At this point I would ask him for your USB drive back so you can explore other options. If he's legitimate then he has already made an image and will be working from that, so he no longer needs your actual drive.

    Cracking a TC password doesn't require a rocket science background. It merely involves generating an appropriate wordlist and feeding it to a bruteforcing script. If you know most of your password but are in doubt about a relatively small portion of it then this might be a feasible approach. However, TrueCrypt resists brute-forcing attempts by design, so this approach is only worth doing if the list of possibilities is not too large (e.g. in the low millions or thereabouts).

    Just wondering: Did your cracker happen to mention how may passwords per second he is able to test?

    I wouldn't send any more money, as the entire scenario already appears to be quite suspicious. When one combines your cracker's "over the top" story with the Western Union cash transfer and his request for additional payment, it almost screams of scam. For your sake I hope it's not.
     
  8. optigrab

    optigrab Registered Member

    Joined:
    Nov 6, 2002
    Posts:
    624
    Location:
    Brooklyn/NYC USA
    Perhpas not, and I certainly hope it is not, but there is another very obvious reason he is responding to your e-mails:
    True, and I feel badly for you and them. Some of my loved ones can't seem to place any importance on password security; either they use one simple password for everything, or they make no provsion to remember their password longer than five minutes. But I am terrified of having to rely on my memory. I use a password safe, KeePass, and store my KeePass file in more than one place. I only really have to remember one password, ever. I use TruCrypt, and my TruCrypt passwords are stored in my KeePass file, which can't get completely lost, because I have more than one copy in more than one location.

    I do not intend to heap criticism on you. I wish you good luck. But I am sure this costly problem will transform into a valuable lesson in time.
     
  9. caspian

    caspian Registered Member

    Joined:
    Jun 17, 2007
    Posts:
    2,301
    Location:
    Oz
    Could brute force tackle something like this?

    ^$eg&HK*8kl9%d$ed#21

    I am surprised that anyone would recommend calling the police. What can the police do? The guy lives in India. I don't think a police officer would even give it any thought.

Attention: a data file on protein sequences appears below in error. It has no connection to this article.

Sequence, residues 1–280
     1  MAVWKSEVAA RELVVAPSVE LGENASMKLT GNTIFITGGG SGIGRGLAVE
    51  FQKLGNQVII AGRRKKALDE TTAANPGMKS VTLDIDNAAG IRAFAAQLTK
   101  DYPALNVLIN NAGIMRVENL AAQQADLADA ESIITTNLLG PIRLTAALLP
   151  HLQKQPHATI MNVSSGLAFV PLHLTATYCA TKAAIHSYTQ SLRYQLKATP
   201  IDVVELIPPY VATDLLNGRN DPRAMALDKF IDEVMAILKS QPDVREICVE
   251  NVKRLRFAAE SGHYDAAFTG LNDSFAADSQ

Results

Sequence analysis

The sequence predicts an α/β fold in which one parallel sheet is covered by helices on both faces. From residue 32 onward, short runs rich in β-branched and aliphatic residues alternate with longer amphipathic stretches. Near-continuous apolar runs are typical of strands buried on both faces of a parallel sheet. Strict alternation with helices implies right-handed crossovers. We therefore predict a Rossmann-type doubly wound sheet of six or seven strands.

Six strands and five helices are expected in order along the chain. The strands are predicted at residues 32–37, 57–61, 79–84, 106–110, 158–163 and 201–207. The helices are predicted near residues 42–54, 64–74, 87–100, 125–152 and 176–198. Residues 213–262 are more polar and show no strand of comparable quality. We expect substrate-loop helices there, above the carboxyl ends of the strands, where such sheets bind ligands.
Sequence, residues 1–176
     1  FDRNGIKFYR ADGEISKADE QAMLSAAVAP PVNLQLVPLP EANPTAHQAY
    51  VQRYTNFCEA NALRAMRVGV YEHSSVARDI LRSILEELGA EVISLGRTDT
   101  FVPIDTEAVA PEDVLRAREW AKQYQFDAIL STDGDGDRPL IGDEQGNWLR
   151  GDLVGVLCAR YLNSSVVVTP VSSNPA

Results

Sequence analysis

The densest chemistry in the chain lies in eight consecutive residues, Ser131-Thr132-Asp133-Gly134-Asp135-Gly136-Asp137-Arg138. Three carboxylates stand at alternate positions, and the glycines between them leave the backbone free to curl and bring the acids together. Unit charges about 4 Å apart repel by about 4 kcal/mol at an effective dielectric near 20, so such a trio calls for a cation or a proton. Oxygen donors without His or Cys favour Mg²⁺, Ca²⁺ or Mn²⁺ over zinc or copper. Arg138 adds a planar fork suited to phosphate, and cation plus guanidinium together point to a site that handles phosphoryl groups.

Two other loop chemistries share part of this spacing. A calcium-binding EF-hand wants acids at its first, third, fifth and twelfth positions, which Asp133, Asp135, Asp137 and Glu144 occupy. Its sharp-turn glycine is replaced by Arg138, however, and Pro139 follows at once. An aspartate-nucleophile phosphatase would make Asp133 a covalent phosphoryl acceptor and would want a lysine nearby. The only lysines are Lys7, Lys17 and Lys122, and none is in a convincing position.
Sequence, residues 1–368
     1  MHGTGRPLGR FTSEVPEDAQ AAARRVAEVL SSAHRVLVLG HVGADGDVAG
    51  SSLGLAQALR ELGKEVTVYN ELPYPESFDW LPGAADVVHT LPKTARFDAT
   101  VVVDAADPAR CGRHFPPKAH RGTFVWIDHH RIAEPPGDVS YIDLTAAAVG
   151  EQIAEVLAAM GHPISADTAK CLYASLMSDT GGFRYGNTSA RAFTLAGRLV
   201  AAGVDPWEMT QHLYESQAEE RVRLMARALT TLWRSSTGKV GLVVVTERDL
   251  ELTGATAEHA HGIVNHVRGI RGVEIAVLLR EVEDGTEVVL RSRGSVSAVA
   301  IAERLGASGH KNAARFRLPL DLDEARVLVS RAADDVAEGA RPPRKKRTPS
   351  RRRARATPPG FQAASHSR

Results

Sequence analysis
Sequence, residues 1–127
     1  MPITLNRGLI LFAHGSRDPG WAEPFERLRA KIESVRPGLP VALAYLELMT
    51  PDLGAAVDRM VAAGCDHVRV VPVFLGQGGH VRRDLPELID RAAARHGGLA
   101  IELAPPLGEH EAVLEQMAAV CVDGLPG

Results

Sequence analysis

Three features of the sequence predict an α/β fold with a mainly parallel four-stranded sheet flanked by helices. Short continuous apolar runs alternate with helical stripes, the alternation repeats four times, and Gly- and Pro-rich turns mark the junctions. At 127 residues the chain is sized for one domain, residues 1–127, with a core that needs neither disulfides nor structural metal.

10. box750

    box750 Registered Member

    Joined:
    Nov 11, 2008
    Posts:
    260
    Just what others said, I do think you have been scammed and he is probably replying to your emails because he wants you send him more money to scam you even more.

    You can try and contact the police, but since the guy is in India, you conducted all the business through an IRC chat, and he even does not have a website/company making false promises, I see little you can do other than assume your loses.
     
    Last edited: Feb 11, 2010
  11. dantz

    dantz Registered Member

    Joined:
    Jan 19, 2007
    Posts:
    993
    Location:
    Hawaii
    No way. You're using uppercase, lowercase, numbers and common symbols, so the number of possible combinations is approximately 96 to the 20th power. If that were a TrueCrypt password then it would take trillions of trillions of years to crack using current technology. Although things will certainly get faster in the future. Maybe someday we'll be able to cut it down to a few billion years.
     
  12. JustJohnny

    JustJohnny Registered Member

    Joined:
    Oct 18, 2009
    Posts:
    21
    If you ask me the whole setup sounds suspect. I mean, if your password is only 10 letters and uses dictionary words its conceivable he could brute force it, so maybe thats what hes doing. I seriously doubt there is some secret back-door in Truecrypt that only some dude in India knows about. Its also its kind of suspicious to be asking for more money, classic scam tactic right there. You might want to try to get the drive back in the hopes the password comes back to you. Although if it is a scam, you might just have to bite the bullet and take the loss.
     
  13. dantz

    dantz Registered Member

    Joined:
    Jan 19, 2007
    Posts:
    993
    Location:
    Hawaii
    Mysticav, if you ever get your USB drive back, be aware that this type of problem can potentially be solved online or via email without you having to send your drive to anyone. Instead, at a bare minimum you could post the first 512 bytes of your TrueCrypt header, which would probably look something like this: (line breaks added for easier viewing, not that there's anything to see)

    B01A190B5E80079435C725717500B31A999CB826B87D6EB4179DE2C2DADE40D6
    8931CF8939D0C2C0759C9B2CFF3502AC4F6A7BE4182A722DEF7F6A689B94010D
    BBE47677C2C76648FA3F4492ADDE009924BCED24BC4C2A097C66F50525FD12C2
    7788FCFAF650CD7C267540BD601642B9653243EB7BBE10C456A049EDBC0DB895
    8ECB06BE319E976914079A3B4F111E38D0BF0F3F6B227786D4DE2FDA13709682